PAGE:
Scratch Programming Playground Answers
1. When a sprite moves after running the "pen down" block, it draws a line behind it as it moves.
2. The "pen down" block was not run, or the "pen up" block was run. Both of these will turn off line drawing.
3. The “change pen color” block causes the rainbows.
4. The turquoise “set pen size to” block can make lines thicker.
5. Shift-click the Green flag to turn Turbo Mode on or off.
6. Right-click on the sprite in the Sprite Area and select “duplicate” from the menu.
7. A sprite points to the right when its direction is 90 degrees.
8. 0 degrees is the direction for pointing up.
9. The dark blue Motion category has blocks for pointing the sprite down and moving.
10. Click the “Choose backdrop from library” button near the “New backdrop” label.
11. Click on the sprite’s blue-white “i” button to open its Info Panel, and enter a new name in the text field.
1. The “set size to” block will change the size of a sprite.
2. The “broadcast” block can send a message to another sprite.
3. The WASD keys can be used as an alternative to the arrow keys on the keyboard.
4. Drag the code blocks over the other sprite in the Sprite Area to duplicate the code blocks.
5. The sprite will move up and down instead of left and right.
6. From the Sounds tab, click on the “Choose sound from library” button and select the cheer sound.
7. To make the sprite move faster, change the 4s in the dark blue blocks to a larger number.
1. A side-view game can have gravity since the top of the Stage is up in the air and the bottom of the Stage is the ground.
2. A variable can store a piece of text or a number.
3. All sprites can use and change “For all sprites” variables, but only one sprite can use and change a “For this sprite only” variable.
4. You can make a sprite jump by implementing gravity with a “y velocity” variable .
5. When the cat is in the air, the number in “y velocity” variable keeps decreasing. When “y velocity” becomes a negative number, the cat will begin moving downwards.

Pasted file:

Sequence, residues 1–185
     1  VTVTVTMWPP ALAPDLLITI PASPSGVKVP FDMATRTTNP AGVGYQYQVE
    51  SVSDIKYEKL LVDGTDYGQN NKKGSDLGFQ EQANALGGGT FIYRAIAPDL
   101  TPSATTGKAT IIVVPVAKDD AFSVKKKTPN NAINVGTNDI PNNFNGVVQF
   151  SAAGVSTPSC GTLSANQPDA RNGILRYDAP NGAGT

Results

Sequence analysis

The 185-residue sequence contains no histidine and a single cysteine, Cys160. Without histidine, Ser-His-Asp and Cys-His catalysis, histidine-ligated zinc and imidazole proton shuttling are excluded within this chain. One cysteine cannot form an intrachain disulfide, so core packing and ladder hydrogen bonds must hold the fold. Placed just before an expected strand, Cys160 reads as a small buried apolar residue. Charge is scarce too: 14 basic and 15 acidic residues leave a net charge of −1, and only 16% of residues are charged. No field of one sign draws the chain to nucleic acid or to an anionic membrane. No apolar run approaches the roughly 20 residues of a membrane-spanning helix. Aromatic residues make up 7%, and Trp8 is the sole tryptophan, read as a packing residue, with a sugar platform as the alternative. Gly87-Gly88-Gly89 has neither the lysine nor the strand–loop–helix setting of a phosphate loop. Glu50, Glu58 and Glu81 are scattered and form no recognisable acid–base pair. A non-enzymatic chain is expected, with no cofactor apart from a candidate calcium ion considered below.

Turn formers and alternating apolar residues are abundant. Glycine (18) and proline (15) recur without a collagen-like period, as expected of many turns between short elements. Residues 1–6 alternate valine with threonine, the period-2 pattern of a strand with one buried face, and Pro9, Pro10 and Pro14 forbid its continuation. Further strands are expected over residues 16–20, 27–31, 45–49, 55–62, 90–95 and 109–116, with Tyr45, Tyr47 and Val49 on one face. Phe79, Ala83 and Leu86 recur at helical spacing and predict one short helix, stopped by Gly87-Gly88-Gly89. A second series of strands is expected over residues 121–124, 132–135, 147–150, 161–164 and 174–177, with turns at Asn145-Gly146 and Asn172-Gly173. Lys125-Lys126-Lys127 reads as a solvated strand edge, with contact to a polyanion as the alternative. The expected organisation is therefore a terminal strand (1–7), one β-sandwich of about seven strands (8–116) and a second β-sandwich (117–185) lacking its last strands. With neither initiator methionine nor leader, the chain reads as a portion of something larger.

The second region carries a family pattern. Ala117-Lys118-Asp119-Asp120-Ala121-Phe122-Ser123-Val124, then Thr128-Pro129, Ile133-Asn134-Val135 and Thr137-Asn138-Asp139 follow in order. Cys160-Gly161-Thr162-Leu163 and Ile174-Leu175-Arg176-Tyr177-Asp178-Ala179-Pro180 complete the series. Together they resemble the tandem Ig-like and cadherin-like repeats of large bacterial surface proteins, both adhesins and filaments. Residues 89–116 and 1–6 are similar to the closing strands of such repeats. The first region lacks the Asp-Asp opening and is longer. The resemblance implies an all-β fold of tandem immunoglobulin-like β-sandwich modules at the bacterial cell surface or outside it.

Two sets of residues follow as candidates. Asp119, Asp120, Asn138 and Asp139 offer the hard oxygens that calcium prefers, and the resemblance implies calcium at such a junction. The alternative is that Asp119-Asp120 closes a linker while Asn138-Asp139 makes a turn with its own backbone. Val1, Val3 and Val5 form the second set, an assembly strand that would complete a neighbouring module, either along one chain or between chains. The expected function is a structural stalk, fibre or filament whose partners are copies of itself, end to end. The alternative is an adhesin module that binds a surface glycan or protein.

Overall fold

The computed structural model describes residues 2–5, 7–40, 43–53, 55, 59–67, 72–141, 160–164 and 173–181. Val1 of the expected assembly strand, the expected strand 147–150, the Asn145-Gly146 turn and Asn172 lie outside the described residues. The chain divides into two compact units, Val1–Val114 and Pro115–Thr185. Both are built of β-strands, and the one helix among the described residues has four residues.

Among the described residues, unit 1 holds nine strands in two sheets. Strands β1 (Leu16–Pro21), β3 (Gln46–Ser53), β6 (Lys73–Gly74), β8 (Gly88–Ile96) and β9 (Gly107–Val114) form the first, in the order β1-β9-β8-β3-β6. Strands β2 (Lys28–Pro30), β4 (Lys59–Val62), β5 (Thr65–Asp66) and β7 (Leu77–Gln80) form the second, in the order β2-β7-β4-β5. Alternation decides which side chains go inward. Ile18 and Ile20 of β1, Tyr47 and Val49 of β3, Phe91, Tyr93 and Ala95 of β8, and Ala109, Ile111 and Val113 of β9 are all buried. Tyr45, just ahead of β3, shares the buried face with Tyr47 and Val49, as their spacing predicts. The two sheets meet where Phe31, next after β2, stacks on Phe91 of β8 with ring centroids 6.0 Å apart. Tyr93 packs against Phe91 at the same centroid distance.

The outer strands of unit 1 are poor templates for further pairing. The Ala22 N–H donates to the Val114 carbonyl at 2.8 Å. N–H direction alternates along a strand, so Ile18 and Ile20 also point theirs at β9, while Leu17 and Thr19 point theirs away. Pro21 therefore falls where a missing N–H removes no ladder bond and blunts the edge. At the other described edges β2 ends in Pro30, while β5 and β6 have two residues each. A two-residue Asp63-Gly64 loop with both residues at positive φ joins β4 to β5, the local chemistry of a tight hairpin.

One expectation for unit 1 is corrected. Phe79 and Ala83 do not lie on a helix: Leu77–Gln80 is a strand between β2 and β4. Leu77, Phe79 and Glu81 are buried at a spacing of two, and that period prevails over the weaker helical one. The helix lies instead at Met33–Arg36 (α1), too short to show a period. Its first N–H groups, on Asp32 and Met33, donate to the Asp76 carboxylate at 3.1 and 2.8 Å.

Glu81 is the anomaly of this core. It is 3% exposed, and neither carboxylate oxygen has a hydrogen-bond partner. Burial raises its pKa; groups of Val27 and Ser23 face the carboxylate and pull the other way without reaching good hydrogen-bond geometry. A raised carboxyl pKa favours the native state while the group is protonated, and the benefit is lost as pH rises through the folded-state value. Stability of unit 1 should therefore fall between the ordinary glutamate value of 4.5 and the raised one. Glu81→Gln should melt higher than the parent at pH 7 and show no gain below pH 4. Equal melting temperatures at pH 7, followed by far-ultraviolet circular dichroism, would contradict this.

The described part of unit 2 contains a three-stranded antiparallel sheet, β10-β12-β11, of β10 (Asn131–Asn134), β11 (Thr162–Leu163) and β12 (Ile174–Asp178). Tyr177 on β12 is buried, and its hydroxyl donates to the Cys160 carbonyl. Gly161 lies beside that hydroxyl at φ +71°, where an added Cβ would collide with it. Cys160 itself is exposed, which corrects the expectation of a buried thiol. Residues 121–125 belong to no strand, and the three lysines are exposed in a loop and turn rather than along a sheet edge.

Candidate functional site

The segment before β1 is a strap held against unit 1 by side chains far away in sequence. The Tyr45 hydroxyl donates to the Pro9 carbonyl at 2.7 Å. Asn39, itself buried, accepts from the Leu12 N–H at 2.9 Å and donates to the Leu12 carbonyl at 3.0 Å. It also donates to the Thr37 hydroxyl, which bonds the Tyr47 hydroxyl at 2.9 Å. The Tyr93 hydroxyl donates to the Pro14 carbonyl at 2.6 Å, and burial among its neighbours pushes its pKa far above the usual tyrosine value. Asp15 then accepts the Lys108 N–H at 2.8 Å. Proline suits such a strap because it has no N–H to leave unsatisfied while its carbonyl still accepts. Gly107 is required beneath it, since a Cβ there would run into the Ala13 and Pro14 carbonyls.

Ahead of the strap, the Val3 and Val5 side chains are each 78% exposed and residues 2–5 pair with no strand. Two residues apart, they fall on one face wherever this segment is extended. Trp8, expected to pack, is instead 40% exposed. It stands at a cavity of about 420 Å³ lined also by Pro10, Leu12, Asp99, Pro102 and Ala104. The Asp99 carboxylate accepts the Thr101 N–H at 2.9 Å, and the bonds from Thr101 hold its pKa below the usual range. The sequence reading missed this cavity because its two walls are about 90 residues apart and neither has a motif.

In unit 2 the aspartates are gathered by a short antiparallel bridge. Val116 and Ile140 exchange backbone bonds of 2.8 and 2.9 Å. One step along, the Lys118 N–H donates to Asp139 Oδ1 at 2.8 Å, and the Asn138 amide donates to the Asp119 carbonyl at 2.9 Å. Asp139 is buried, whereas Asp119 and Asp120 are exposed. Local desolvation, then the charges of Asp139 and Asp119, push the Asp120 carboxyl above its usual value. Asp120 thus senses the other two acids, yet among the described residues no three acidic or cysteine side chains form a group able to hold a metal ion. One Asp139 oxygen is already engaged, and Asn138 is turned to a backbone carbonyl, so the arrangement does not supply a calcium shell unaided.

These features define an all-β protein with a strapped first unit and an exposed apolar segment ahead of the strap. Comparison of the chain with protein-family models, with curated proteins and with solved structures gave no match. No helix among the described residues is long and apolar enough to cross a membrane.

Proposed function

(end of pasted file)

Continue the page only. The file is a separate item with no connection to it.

6. The “go to x y” block moves a sprite to the x and y position instantly, while the “glide” block moves a sprite to the x and y position over a period of time.
7. Put a green “and” block inside the “if then” block to fit two conditions inside it.
1. The Tennis Ball sprite knows it got past the Paddle sprite if its “y position” is less than -140.
2. The “create clone of” block creates clones.
3. The “when I start as a clone” block has the code that clones run when they are created.
4. The three rotation styles are left-right, all around, and none.
5. They hide themselves when the Green flag is clicked so that they are hidden at the start of the game.
6. The “wait until” block pauses until the given condition becomes true.
1. The “when key pressed” block runs each time the key is pressed down. The “if key pressed? then” blocks can be used to run code when a key is pressed and continued to be held down.
2. These blocks cause the sprite to move instantly to a random place on the Stage.
3. The “go to x y” block moves a sprite to the x and y position instantly, while the “glide” block moves a sprite to the x and y position over a period of time.
4. Because all Scratch sprites start facing to the right.
5. The costume center must be in the center of the Head sprite so that it rotates around its center.
1. The dark purple More Blocks category is where you can create custom blocks.
2. The define block is where the code for the custom block is put. The call block is what causes this code to run.
3. The “Run without screen refresh” option causes the code in a custom block to run in Turbo Mode.
4. The “go to front” block puts the sprite in front of all the other sprites on the Stage.
5. A variable can only store one value, but a list can store multiple values.
6. A cloud variable shares the value with everyone on the Scratch website.
7. If you don’t see the “Cloud variable” checkbox, then your account is too new to have access to the Cloud variable feature.
8. Cloud variables can only store numbers, not text.
9. Click on the sprite’s blue-white “i” button to open its Info Panel, and enter a new name in the text field.
1. The wrap-around code works by checking if the sprite is near an edge and then instantly moving it to the other side of the Stage.
2. The “I am a clone” variable can let a script know if it is being run by the original sprite or a clone.
3. The clones stop creating more clones if their “hits” variable reaches 4.
4. The Explosion sprite has several different costumes that it changes through, doing a frame-by-frame animation.
1. Not having duplicate code means you only need to make a change once if you want to fix bugs or add new code.
2. They store a value that can be placed inside code blocks like a variable can.
3. You can only use a custom block’s input in the custom block’s script.
4. “Modulo” gives the remainder part of division.
5. “Floor” means to round a number down.